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Ultimate Jazz Improvisation Practice Plan (3 Things to Do)

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"30 Steps to Better Jazz Playing"

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If you’re going through YouTube right now just trying to find the next cool chord scale theory idea or the next hip lick to apply to your jazz improv, stop right now!

None of that stuff really matters if you’re not practicing the right things and you’re not practicing it in an effective way.

So, in today’s video, I want to simplify jazz improvisation and boil it down to 3 categories to practice. And not only that, give a practice plan for that, so we can get real results in our jazz improvisation.

Important Links and Resources

Suggested Resource:

If having a step-by-step goal-oriented process for learning jazz solos and other important jazz practicing stuff is important to you, check out my course “30 Steps to Better Jazz Playing” by clicking here.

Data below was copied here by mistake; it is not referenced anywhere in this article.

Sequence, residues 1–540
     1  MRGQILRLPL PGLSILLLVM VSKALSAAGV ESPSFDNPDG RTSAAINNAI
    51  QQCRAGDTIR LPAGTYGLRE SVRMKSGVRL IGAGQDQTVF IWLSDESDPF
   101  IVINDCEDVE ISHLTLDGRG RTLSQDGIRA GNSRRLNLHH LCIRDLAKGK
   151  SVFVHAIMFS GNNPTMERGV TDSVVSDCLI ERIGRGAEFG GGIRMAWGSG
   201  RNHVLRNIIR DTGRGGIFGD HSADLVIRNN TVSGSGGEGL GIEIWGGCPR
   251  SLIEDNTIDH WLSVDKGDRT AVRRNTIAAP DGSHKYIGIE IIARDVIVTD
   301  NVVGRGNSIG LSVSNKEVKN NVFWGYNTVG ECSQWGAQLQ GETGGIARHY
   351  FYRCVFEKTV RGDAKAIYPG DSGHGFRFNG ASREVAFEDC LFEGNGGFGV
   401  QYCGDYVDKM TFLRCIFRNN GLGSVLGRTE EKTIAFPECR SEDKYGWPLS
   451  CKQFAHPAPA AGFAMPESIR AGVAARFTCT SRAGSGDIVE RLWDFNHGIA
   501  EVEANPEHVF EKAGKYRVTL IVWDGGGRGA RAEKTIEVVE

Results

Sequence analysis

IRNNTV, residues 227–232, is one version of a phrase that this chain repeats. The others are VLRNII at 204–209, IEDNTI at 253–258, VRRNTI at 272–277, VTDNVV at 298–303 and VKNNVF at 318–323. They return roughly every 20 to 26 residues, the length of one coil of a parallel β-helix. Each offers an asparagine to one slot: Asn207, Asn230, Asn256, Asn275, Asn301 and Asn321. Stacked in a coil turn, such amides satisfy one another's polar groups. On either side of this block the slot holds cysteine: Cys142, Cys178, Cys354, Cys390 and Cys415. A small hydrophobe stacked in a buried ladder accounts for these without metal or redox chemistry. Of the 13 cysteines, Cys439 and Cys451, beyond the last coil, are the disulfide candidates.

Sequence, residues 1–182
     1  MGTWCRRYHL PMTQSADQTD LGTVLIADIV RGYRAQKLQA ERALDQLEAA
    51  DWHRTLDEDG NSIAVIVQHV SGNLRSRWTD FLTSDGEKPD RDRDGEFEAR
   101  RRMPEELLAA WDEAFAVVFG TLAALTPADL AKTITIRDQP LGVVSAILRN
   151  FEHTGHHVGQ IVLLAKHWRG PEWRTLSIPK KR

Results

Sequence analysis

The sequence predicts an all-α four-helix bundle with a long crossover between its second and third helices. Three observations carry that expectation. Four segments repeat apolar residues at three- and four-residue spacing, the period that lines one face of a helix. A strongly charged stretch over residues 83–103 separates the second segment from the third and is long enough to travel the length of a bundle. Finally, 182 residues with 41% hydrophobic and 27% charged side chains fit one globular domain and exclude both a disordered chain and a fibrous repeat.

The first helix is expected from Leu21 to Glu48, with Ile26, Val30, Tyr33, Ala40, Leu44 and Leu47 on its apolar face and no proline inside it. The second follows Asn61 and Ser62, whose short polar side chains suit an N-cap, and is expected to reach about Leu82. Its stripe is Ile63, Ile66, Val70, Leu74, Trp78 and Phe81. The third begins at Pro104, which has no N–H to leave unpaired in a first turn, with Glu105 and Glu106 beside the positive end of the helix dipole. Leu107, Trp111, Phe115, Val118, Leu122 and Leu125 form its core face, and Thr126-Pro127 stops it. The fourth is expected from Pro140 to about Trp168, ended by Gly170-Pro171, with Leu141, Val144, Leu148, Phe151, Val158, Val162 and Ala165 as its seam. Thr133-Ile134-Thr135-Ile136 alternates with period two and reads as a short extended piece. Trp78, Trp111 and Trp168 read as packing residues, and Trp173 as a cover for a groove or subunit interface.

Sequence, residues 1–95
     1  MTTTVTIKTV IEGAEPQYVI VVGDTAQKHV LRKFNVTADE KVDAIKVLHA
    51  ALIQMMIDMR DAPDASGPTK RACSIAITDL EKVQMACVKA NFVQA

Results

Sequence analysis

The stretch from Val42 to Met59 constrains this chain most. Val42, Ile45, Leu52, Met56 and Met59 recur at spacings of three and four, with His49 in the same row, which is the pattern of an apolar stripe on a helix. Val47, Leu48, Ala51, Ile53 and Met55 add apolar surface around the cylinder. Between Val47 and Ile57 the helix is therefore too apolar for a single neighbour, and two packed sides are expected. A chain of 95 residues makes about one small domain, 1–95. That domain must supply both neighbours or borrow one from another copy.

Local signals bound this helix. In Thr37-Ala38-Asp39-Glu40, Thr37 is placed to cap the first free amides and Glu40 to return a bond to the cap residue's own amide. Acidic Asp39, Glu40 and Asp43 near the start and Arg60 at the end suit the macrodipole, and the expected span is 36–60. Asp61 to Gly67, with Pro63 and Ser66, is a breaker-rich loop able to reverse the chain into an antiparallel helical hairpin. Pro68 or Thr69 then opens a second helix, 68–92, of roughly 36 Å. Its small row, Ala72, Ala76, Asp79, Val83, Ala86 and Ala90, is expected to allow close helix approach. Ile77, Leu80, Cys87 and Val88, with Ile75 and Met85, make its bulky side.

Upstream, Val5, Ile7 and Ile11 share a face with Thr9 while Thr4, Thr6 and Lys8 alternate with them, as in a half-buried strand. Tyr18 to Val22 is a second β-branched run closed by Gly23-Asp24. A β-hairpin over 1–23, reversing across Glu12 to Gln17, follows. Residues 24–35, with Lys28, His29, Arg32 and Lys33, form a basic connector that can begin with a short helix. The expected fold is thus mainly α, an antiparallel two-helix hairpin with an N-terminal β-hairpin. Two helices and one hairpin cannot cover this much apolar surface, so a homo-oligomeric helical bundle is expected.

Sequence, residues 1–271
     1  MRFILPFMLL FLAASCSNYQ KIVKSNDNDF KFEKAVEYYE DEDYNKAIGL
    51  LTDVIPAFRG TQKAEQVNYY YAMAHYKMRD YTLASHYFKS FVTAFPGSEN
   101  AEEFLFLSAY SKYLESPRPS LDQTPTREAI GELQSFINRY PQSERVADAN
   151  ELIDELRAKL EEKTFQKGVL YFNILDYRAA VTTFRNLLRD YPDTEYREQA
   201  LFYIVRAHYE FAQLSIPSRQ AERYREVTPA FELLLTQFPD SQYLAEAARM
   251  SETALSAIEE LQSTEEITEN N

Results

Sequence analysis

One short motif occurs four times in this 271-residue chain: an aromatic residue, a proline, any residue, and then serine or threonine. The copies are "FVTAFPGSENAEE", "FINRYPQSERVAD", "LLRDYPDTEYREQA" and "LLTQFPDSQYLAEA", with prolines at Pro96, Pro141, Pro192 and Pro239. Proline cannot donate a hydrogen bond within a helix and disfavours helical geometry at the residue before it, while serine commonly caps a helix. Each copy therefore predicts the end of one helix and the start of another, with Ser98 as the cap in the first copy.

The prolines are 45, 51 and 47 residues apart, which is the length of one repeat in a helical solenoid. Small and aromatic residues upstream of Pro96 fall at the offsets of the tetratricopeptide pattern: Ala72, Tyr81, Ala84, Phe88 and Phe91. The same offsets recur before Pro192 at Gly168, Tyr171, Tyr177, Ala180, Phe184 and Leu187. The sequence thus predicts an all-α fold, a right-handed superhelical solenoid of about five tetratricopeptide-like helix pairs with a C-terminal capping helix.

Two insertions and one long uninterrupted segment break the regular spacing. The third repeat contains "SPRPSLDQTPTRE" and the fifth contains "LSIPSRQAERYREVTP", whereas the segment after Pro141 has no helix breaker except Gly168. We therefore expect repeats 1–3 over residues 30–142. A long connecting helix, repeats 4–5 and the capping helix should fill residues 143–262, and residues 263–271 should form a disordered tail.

Further Reading:

Jazz Improvisation Made Simple: A Step-by-Step Guide

Brent Vaartstra
Brent Vaartstra
Brent Vaartstra is a professional jazz guitarist and educator living in New York City. He is the head blogger and podcast host for which he owns and operates. He actively performs around the New York metropolitan area and is the author of the Hal Leonard publication "Visual Improvisation for Jazz Guitar." He's also the host of the music entrepreneurship podcast "Passive Income Musician."


  1. Very good Plan! I Will try It whithin the next weeks. It lasts one week, right? So I think I can complete It. My problem with long lasting plans Is that I break before the end.

    • Yup – if you haven't already, make (and keep updated) a list of all tunes you know. In addition to all the other things you do, each week, choose five-six tunes that you already know. Each day (allowing for one-two missed practice sessions per week), pull out one of these tunes and run it – head, solo, comping (if you're a comping instrument); good, bad or indifferent, just run it. Each week you should get through at least five tunes. Keeps stuff relatively fresh.

    • Hey there, not really a formula per say, but it can be helpful to sneak in some review time in your practice sessions. But for maintaining songs I think its best to be playing them live with others, and continually doing that will be helpful.


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